Russell Brand has announced a fund to develop recovery communities for people leaving treatment for drug and alcohol abuse. As for his own recovery, Brand has been clean ten years and says, “My life has immeasurably improved. I have a job, a house, a cat, good friendships and generally a bright outlook.”
The Give It Up Fund and Comic Relief
The Give it Up Fund, which will be managed by Comic Relief, a major charity based in the UK whose mission is to drive positive change through the power of entertainment, aims to provide financial aid to help people remain free from substances by setting up support groups in three pilot areas of the country. The funds will be used to provide a practical alternative for people completing drug treatment programs and who need more than the typical next step: sober living. With initial donations of £500,000, the fund is already off to a good start.
Gilly Green, who is Head of UK Grants at Comic Relief said: “Comic Relief has supported those facing addiction for many years. We’re looking forward to finding out more about the potential of recovery communities through these pilots and hearing more inspiring stories about how they can help people to recover from addiction.”
The purpose of recovery communities is to provide someone who is recovering from this devastating disease with all the local services they need to sustain their sobriety and continue their abstinence from mood and mind-altering substances, including alcohol. Recovery communities support people in recovery by providing assistance with housing, career support, peer support and health support. All of this, so that recovering addicts and alcoholics can continue to make lasting changes to be successful at sobriety and improve their overall quality of life.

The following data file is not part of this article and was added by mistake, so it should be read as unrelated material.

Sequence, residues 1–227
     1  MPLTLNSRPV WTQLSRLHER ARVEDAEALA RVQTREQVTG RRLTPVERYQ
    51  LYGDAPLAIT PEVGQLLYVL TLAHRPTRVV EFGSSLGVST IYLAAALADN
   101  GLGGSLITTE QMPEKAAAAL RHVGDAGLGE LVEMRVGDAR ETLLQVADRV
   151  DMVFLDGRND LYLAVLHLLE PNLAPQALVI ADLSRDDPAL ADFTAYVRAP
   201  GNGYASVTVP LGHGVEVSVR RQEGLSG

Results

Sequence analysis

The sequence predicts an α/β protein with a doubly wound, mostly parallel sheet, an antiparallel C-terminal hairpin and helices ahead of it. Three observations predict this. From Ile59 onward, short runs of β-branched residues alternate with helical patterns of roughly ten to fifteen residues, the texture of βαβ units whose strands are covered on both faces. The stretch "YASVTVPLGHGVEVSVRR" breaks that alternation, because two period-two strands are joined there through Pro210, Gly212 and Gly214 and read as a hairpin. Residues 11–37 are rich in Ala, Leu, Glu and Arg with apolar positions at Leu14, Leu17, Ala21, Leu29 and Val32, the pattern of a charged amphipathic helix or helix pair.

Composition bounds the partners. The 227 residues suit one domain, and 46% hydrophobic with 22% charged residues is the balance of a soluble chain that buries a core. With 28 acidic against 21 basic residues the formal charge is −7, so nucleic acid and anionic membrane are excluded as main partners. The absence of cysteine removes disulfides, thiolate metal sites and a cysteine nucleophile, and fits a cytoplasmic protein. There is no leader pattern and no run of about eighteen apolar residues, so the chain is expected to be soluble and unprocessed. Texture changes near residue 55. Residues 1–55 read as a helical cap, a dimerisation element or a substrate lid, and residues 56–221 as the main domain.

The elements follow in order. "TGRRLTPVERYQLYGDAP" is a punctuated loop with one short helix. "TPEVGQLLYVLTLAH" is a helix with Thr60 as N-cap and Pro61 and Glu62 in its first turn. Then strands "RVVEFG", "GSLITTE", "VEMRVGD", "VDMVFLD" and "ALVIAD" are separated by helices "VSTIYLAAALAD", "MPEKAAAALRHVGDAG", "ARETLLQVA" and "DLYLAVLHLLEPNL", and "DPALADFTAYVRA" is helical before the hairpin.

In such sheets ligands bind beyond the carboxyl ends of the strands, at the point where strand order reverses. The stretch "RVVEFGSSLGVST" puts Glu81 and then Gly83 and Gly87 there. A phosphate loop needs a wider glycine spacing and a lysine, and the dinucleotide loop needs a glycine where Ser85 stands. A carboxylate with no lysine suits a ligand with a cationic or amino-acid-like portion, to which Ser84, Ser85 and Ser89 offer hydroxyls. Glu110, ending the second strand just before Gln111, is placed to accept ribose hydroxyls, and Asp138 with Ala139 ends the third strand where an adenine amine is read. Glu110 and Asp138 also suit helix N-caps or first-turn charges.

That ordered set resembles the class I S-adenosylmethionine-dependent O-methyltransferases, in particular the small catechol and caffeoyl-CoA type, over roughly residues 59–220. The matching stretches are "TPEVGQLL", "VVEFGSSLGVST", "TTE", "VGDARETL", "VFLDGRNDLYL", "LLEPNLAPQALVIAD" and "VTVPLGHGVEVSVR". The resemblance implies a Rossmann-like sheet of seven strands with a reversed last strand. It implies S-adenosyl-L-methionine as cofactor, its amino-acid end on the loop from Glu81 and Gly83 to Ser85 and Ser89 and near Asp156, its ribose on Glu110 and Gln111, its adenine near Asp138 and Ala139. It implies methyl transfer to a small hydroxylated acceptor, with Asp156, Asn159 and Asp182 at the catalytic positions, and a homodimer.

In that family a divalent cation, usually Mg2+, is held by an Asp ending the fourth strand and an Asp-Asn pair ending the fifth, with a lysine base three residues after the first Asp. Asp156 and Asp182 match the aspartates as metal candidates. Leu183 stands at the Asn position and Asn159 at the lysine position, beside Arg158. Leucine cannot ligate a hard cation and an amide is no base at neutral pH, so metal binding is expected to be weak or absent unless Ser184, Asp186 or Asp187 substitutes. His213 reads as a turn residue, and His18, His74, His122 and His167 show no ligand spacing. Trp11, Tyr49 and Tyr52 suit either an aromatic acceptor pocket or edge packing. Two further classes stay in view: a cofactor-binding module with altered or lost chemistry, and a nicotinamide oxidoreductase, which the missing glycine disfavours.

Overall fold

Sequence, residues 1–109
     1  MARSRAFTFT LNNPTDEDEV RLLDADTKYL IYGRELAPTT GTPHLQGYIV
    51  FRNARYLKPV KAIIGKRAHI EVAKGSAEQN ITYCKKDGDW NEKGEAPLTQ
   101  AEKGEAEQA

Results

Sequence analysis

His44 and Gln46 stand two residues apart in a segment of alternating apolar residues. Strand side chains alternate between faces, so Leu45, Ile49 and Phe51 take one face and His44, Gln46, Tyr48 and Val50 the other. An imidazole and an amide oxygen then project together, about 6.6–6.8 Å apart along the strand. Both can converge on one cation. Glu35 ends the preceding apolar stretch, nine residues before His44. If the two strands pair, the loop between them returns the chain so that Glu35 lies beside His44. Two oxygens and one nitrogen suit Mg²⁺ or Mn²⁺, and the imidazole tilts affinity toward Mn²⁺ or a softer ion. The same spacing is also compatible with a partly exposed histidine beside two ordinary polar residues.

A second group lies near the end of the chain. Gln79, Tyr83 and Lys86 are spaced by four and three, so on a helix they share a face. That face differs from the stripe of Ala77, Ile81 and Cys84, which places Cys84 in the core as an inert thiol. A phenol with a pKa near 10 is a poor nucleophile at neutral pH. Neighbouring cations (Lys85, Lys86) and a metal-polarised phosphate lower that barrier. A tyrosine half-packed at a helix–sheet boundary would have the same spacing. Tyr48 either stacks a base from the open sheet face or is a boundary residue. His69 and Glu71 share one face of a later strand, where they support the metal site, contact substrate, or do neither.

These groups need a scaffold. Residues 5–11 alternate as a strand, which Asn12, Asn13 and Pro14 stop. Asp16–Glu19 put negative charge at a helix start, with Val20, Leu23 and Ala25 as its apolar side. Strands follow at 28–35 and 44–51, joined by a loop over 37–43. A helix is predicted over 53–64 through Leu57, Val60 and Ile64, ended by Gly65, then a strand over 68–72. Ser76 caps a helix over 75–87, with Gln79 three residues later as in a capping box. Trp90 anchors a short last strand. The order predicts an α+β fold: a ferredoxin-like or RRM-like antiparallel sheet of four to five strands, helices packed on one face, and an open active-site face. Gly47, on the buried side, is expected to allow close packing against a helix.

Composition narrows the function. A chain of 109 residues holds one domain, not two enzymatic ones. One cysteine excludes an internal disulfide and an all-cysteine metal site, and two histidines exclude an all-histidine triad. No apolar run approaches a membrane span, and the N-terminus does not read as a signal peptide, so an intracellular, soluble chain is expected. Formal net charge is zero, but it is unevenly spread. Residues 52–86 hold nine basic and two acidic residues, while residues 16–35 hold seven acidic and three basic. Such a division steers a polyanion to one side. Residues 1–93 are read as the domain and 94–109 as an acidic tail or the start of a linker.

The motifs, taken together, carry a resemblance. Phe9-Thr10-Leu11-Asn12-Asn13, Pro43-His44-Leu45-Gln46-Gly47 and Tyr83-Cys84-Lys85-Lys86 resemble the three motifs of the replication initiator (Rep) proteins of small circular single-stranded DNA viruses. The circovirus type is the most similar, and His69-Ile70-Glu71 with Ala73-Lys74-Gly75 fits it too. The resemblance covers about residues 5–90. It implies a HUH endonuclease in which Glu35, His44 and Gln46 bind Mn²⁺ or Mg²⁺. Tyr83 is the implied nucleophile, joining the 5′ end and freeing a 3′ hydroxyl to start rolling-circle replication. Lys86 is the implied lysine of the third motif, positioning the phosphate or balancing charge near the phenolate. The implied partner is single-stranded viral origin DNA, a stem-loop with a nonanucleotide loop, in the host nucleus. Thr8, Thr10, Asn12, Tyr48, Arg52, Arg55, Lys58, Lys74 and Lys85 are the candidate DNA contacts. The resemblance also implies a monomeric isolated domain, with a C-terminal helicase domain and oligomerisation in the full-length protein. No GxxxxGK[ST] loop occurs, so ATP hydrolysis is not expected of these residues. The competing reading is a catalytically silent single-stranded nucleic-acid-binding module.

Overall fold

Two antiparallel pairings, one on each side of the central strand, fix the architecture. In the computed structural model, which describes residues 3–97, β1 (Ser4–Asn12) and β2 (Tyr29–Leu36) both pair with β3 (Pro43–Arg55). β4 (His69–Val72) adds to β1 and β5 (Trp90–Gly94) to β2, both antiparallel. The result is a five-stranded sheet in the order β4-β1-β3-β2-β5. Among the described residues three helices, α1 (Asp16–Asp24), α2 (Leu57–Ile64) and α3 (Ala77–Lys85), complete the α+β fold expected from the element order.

Of the project, Brand said, “It’s integral that people entering a life of abstinence after the chaos of addiction have stability, support and a role to play in the wider community.”
Russell Brand: Advocate for Addicts
Brand, who is in recovery for alcohol and heroin, has become a veritable spokesperson and advocate for people in recovery and has spoken openly on the topic. “For me it’s not about the drug laws, it’s about treating people with addiction issues in a compassionate and empathetic way.”
Back in June of last year, he said, “I don’t think drug laws are working because people take drugs all the time. People will take drugs because of social, psychological and emotional reasons.”
On the nature of addiction, Brand said, “As a recovering drug addict myself, when I was using drugs I didn’t care if drugs were illegal. If I need drugs because I’m in pain inside, I’m taking drugs and I know this to be true of drug addicts all over our country.”
He went on to say that criminalizing and marginalizing drug addicts “make[s] it difficult and shaming for them to get treatment. That is the wrong way to handle the situation.”
Brand spoke at The Recovery Group UK (RGUK) and Give it Up’s conference ‘Creating Recovery,’ for health commissioners, those working in the drug and alcohol treatment system and police and crime commissioners that was held at the London Film Museum last week.
If you or someone you love is struggling with substance abuse or addiction, please call toll-free 1-800-951-6135.